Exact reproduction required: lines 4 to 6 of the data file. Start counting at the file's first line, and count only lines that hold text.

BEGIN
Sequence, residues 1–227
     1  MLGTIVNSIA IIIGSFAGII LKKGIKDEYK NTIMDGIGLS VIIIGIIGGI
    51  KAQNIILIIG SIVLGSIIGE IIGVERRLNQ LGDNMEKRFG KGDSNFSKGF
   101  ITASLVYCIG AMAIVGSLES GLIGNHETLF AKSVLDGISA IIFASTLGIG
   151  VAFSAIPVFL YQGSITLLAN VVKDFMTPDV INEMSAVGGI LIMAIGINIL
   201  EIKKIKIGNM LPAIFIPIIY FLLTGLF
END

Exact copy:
   101  ITASLVYCIG AMAIVGSLES GLIGNHETLF AKSVLDGISA IIFASTLGIG
   151  VAFSAIPVFL YQGSITLLAN VVKDFMTPDV INEMSAVGGI LIMAIGINIL
   201  EIKKIKIGNM LPAIFIPIIY FLLTGLF